|Frame Styles / Sizes||3 frame sizes: small, medium, large. Small fits 5′,1″ – 5’7″; medium fits 5’7″ – 5’11”; large fits 5’11” – 6’4″||Two frame styles a high step and step-thru. XR fits 5’5″ – 6’4″; ST fits 5′ – 5’11”|
|Weight Capacity||250 lbs||300 lbs|
|Bike Weight||62 lbs||62 lbs|
|Throttle||Yes, Throttle on Demand||Yes, Throttle on Demand|
|Derailleur||Shimano Acera; 8-Speed||Shimano Acera RD-M3000; 7-speed|
|Rims||Double wall aluminum||3D double wall, 33 mm width|
|Tires||Kenda Kwick Drumlin, 27.5″ x 2.2″, reflective sidewall||Schwalbe Super MotoX 27.5″ x 2.4″|
|Charger||48 V 3 amp fast charger, 4-5 hour charging||Charger included, I believe 2 amp|
|Lights||Front and Rear Integrated Lights (Including Brake Lights)||Integrated front (Blaze) and rear (Spainninga Luceo)|
|Saddle||Aventon by Velo||Selle Royal Freeway Plush Gel|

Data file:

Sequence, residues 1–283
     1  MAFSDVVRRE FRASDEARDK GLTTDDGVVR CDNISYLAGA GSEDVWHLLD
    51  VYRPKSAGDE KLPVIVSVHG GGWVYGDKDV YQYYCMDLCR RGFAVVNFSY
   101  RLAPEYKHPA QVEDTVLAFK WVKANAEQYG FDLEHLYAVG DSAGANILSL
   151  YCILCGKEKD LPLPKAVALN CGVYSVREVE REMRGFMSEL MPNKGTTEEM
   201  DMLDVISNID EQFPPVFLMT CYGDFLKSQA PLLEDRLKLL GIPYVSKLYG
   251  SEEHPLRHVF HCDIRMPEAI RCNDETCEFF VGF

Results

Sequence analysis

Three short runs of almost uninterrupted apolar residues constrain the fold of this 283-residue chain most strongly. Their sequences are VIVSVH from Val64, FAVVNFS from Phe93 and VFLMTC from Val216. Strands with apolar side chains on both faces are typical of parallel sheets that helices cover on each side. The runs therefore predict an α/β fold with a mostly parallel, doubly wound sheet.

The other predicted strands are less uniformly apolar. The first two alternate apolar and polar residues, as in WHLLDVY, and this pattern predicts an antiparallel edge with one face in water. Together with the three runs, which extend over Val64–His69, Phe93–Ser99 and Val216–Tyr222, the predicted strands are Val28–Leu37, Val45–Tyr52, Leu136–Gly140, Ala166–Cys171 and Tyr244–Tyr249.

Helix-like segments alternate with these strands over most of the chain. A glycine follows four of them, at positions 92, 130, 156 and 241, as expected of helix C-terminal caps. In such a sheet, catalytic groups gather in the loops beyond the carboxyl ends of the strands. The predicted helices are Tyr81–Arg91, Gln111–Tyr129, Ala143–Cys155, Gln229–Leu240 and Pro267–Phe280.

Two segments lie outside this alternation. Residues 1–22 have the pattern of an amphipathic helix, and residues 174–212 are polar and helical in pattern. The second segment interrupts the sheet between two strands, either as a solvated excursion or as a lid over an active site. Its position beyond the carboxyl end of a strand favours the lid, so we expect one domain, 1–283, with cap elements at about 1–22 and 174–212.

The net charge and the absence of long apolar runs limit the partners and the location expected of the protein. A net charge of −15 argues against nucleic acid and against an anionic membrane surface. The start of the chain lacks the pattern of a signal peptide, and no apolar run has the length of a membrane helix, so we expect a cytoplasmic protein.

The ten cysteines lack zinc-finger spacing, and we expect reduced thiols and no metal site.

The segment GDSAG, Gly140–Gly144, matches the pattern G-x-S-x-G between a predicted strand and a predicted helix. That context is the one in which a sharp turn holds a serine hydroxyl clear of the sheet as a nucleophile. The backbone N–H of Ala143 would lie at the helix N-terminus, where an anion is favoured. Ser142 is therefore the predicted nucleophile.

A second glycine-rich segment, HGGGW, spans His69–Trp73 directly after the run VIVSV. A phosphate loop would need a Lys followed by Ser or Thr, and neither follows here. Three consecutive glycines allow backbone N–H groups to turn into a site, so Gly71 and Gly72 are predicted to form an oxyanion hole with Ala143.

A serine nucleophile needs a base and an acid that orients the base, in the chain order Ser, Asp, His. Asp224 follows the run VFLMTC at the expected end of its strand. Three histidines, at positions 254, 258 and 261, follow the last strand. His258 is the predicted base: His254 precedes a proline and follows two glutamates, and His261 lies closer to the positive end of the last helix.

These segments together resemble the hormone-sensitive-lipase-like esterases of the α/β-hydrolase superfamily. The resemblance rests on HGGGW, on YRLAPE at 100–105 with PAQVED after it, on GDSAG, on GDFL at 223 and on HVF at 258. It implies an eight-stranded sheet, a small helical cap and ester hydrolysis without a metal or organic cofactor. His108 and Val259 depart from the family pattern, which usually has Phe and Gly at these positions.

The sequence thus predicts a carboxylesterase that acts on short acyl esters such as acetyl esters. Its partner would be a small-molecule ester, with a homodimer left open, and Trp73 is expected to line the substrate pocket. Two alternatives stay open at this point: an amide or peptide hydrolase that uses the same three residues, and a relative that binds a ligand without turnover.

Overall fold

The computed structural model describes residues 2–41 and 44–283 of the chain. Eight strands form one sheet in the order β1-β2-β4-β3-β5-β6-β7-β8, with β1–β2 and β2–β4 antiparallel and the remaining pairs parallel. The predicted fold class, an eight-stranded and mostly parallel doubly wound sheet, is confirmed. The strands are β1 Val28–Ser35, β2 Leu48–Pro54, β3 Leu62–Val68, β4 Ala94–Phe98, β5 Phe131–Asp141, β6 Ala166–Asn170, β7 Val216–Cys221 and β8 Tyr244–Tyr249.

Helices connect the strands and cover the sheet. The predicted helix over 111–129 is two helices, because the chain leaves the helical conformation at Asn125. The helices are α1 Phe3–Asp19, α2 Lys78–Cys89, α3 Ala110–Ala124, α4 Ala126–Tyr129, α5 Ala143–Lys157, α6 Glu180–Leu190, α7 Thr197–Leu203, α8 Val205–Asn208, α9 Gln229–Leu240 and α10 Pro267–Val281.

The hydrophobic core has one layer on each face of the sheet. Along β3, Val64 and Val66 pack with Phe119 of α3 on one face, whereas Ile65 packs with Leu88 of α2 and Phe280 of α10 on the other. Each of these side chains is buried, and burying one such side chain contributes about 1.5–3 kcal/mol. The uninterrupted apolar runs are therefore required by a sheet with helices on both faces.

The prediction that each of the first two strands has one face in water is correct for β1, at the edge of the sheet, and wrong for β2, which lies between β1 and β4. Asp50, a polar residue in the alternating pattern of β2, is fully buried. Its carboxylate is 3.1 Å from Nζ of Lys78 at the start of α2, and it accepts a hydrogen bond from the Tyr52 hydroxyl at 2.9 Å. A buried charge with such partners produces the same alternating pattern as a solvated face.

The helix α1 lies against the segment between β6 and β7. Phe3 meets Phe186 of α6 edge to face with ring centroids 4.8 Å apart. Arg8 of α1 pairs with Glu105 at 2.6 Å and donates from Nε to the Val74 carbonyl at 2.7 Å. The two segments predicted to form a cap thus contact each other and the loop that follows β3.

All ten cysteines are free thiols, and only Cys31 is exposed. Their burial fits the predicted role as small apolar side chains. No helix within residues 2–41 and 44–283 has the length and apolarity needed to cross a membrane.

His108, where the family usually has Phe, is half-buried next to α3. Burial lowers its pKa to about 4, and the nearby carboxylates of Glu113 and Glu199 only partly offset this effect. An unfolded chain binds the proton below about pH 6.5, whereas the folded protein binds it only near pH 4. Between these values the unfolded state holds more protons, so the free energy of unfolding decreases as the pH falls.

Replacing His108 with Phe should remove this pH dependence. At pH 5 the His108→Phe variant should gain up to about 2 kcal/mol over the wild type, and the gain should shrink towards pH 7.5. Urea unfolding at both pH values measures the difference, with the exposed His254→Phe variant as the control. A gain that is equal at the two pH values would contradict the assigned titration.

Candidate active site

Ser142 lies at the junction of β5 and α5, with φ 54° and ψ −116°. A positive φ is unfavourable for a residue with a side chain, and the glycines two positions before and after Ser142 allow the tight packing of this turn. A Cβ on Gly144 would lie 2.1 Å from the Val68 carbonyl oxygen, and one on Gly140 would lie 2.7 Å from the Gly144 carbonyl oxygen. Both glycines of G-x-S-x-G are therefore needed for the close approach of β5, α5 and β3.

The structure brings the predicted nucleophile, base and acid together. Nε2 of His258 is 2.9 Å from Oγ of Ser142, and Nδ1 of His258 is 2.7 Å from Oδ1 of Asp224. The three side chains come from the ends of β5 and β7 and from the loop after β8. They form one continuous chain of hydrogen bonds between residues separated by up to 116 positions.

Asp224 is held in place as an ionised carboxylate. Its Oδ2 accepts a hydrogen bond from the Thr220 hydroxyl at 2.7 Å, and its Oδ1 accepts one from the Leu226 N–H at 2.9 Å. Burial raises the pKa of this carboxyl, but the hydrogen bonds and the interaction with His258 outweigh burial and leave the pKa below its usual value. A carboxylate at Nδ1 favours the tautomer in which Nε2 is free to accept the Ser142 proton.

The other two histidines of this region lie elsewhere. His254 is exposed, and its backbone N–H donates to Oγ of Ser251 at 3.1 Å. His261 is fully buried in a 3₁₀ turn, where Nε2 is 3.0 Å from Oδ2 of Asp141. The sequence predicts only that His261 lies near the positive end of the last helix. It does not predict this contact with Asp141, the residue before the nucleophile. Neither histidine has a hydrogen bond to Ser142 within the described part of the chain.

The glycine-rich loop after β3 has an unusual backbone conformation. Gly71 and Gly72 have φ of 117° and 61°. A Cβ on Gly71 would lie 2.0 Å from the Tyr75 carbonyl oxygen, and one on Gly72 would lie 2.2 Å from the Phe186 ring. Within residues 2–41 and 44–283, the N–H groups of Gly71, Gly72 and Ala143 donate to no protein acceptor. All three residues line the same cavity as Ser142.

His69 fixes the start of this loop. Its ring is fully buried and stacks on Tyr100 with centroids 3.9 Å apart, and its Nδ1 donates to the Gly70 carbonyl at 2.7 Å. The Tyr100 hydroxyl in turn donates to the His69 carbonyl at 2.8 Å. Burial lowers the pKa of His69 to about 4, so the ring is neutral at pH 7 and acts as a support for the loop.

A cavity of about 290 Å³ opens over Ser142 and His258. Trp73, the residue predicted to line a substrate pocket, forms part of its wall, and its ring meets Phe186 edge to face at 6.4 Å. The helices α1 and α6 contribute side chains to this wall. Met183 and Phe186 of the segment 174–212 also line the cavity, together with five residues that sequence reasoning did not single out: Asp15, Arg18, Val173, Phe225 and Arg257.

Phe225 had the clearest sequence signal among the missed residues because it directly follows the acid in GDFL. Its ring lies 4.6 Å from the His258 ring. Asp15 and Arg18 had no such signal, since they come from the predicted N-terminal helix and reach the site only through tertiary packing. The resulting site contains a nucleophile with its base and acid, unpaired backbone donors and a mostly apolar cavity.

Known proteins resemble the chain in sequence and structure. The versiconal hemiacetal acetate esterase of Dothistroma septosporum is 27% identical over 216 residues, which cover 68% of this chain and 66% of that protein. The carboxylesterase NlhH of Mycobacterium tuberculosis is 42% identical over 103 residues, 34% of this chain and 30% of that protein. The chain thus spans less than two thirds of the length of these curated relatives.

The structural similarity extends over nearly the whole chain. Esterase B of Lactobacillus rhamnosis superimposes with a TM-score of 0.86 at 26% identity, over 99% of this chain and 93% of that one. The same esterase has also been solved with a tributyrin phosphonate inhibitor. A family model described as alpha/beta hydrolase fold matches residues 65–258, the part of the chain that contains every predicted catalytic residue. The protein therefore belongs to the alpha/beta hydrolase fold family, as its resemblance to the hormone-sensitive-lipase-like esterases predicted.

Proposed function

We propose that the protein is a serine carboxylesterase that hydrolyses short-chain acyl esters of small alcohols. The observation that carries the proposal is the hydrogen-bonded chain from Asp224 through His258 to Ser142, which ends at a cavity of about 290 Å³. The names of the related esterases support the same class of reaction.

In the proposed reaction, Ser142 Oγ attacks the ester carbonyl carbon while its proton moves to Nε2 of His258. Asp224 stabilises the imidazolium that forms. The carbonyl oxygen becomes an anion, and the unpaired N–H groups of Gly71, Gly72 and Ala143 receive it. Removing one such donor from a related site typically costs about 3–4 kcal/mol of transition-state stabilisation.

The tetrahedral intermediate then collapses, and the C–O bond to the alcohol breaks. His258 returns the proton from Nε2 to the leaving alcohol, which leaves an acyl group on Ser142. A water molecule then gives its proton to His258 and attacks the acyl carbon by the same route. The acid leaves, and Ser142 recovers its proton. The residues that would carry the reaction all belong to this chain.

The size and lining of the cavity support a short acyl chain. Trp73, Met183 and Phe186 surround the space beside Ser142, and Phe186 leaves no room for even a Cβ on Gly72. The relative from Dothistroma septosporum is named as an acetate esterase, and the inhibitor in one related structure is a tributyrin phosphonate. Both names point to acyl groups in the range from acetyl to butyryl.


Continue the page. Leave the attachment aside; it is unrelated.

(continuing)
|Front Suspension Fork||Suntour Mobie A32, coil spring, thru-axle, 75mm travel, with lockout||Mozo Hydraulic Lockout, 100mm Suspension Travel|
|Shifters||Shimano Acera 8 Speed, Rapidfire||SHIMANO ACERA 7 speed trigger shifter|
|Display||M5 LCD Smart Easy Read Display with Backlight||Color LCD Display (2020 models appear to have an LCD display for better daytime visibility)|
|Frame Material||6061 Double-Butted Aluminum Alloy with Internal Battery||Lightweight Alloy Frame with internal protected & locked electronics|
|Range||40 Miles Average||30-50 miles|
|Warranty||1 Year||1 Year, 30-Day Trial|
|Financing Available||Affirm, PayPal, Credit/Debit||PayPal, Bread, Credit/Debit|
|Full Retail Price as of 8/30/2022||$1799 USD | Buy Online||$1695 USD | Buy Online|
As you can see, the two bikes have very similar components, but there are some notable difference depending upon your wants and needs. The Aventon Level is an 8-speed, while the 700 Series is a 7-speed. Not a huge difference, but the Level also has the slightly larger 32 tooth gear for just a little more help on hills. Again, not a glaring difference, but it’s a difference.
The tires on the Level are 2.2 inches wide, while the 700 Series are 2.4 inches. An advantage to a slightly more narrow tire is improved efficiency, but an advantage to a wider tire is greater balance and improved ability to get through sandy or looser soil conditions.